Kittens pose less of a risk of zoonotic transmission than puppies because they are not infected with zoonotic agents prenatally.
Thus, the Centers for Disease Control and Prevention (CDC) recommends that kittens be treated every two weeks beginning the
third week of life, with treatments at 3, 5, 7 and 9 weeks of age (The CDC suggests puppies begin treatment at 2 weeks of
age.). It should be noted that piperazine, which does not kill hookworms, is the only product labeled for administration to
cats at the age of 3 weeks. Thus, none of the labeled products are approved for the suggested age of first treatment. Also,
given the excellent potential control of internal and external parasites in cats by the administration of the broad spectrum
or combination products, it seems worthwhile to build these products into the control program for kittens because they have
been looked at relative to the safety of repeated administration. Any such program could be supplemented with Drontal as needed
to provide roundworm and tapeworm control. Again, it is essential that kittens be protected from fleas.
Table 3: Treatment of kittens with additional products if beginning at 6 weeks of age on one of the broad-spectrum products
that also prevents heartworms
Thus, the first thing to do is to ensure that the queen is already on some form of flea control to protect the neonates from
fleas. (She should also already be on some form of internal parasite control program.). Then, if it is deemed necessary to
treat cats early in life, they could be treated at 3 weeks and 5 weeks of age with Drontal. (This is a week before the labeled
first treatment at 4 weeks of age, but there is no reason to believe that the pyrantel and praziquantel in these tablets would
hurt the kittens). Drontal will remove hookworms and roundworms like pyrantel, but will also prevent any infections of cats
with Dipylidium caninum. Then, at week 6 or 8, the cats could start on one of the monthly products that have been tested as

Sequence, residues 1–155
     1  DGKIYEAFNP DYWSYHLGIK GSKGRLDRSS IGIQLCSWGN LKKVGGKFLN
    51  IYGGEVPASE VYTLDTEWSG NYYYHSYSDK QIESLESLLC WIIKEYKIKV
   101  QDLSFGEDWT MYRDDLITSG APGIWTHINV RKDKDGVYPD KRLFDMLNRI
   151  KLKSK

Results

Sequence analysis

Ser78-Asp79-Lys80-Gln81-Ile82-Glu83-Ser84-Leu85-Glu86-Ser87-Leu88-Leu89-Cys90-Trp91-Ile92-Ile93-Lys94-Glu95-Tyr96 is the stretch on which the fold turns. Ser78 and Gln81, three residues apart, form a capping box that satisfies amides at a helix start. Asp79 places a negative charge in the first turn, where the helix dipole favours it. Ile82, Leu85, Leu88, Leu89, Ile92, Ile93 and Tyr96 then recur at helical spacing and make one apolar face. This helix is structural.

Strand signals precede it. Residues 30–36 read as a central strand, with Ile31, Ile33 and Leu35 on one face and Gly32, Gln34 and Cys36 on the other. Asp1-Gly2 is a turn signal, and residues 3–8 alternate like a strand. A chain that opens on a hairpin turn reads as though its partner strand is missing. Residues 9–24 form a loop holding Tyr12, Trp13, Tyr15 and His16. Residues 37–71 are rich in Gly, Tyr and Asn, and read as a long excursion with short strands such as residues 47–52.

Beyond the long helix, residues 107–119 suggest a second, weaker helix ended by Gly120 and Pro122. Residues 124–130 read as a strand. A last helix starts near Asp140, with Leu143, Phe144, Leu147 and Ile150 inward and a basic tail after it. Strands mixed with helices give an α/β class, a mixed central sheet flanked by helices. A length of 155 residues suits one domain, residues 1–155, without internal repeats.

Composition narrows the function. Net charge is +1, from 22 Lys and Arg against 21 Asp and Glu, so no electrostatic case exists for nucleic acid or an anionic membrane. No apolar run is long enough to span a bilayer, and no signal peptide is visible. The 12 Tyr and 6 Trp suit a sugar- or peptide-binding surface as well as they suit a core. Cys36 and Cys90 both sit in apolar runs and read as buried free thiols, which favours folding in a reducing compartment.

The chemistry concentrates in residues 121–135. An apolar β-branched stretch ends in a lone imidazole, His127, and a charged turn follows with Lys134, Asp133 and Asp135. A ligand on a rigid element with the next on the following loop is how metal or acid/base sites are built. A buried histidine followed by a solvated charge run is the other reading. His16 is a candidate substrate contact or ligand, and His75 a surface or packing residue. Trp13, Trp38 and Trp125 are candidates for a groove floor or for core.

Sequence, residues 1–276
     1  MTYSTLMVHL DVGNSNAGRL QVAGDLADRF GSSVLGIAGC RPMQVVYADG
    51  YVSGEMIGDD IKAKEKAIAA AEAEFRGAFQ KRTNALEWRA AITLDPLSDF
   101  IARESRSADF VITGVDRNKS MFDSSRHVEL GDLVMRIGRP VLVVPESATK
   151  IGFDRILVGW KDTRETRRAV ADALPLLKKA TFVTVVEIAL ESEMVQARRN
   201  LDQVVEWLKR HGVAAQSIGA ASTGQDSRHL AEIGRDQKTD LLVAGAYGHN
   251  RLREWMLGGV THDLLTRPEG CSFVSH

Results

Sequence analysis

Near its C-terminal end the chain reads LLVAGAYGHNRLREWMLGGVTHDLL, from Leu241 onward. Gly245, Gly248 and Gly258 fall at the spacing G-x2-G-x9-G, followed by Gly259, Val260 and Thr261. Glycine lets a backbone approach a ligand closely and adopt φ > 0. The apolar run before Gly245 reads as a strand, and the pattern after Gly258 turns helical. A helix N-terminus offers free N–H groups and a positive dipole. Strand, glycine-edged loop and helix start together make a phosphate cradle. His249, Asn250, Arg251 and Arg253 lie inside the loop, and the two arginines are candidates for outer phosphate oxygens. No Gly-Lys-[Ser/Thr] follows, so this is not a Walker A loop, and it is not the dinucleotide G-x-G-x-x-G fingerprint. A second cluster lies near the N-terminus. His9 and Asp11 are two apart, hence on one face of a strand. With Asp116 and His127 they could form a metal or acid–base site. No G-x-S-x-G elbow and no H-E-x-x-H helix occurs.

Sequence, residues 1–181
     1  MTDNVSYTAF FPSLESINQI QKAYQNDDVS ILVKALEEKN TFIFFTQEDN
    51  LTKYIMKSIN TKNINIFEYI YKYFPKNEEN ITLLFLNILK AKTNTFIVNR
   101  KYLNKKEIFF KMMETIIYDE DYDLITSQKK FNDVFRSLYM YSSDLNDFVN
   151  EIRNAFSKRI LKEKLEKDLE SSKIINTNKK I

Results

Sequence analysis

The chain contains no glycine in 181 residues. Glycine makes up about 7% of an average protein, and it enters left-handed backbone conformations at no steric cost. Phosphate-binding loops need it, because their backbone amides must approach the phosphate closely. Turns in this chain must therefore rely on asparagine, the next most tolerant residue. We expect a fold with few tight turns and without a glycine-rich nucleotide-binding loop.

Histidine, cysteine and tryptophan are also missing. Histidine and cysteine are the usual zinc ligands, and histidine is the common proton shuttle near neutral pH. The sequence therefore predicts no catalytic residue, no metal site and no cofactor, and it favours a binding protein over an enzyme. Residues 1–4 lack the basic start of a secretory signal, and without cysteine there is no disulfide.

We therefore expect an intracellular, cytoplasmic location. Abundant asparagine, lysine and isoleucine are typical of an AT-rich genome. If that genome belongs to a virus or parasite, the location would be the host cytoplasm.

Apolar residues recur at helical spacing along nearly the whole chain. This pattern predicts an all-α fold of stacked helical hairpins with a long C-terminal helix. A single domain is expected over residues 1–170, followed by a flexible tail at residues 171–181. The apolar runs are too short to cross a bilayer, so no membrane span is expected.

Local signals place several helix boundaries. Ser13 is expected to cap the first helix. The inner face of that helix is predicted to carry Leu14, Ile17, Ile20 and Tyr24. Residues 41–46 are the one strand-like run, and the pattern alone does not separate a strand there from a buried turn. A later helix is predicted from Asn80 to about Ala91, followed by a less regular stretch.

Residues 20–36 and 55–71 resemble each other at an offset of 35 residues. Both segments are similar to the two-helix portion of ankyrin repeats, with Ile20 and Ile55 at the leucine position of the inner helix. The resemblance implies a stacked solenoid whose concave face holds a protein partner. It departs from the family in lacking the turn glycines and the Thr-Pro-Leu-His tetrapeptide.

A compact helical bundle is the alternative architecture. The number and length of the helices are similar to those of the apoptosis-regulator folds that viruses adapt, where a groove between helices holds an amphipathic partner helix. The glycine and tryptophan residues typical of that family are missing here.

to their safety for repeated regular administration (Table 3). Cats could be treated with Drontal during the third, fifth
and seventh week of life and then started on Revolution® on week eight. If a cat begins on Heartgard®, it will be necessary
to continue treatment with Drontal on weeks seven and nine to ensure roundworm control. If a cat begins on Interceptor®, additional
internal parasite control is probably not necessary. Flea control in Heartgard or Interceptor® cats could begin with Program®
at the time of first administration of the monthly product, or it could begin at eight weeks with Frontline® Plus or Advantage®.
If kittens are noted to be infested with fleas, they could be treated with Capstar® beginning at four weeks to remove the
adults. If ear mite treatment is needed for the Heartgard or Interceptor cats, it could be provided with Revolution, Acarexx
or Milbemite. Tapeworms can be treated with Drontal, Droncit, or Cestex if they are diagnosed. Revolution and Frontline both
probably have effects against mange and fur mites, and these two products and Advantage probably all have efficacy against
the feline louse, Felicola subrostratus.
Thus, it should now be relatively easy to develop a program that will prevent infections with parasites in kittens and provide
assurance to owners that there cats are not going to be sources of potentially zoonotic parasites. Any control program needs
to be backed up with regular physical examinations and with regular fecal examinations. Kittens are going to continue to get
sick from a number of protozoan parasites, and perhaps, someday, it may be possible to also protect kittens from these agents.
Dr. Bowman received a master's degree and a doctorate in parasitology from Tulane University. He joined the faculty at Cornell
University in 1987 as an assistant professor of parasitology. In 1993, he became an associate professor. Dr. Bowman has also
worked as a research associate at the University of Wisconsin School of Veterinary Medicine.
Dr. Bowman has special interests in soil-transmitted parasites, soil-parasite interactions, nematodes, especially ascaridoids,
apicomplexan protozoa and zoonotic diseases, parasites of wildlife.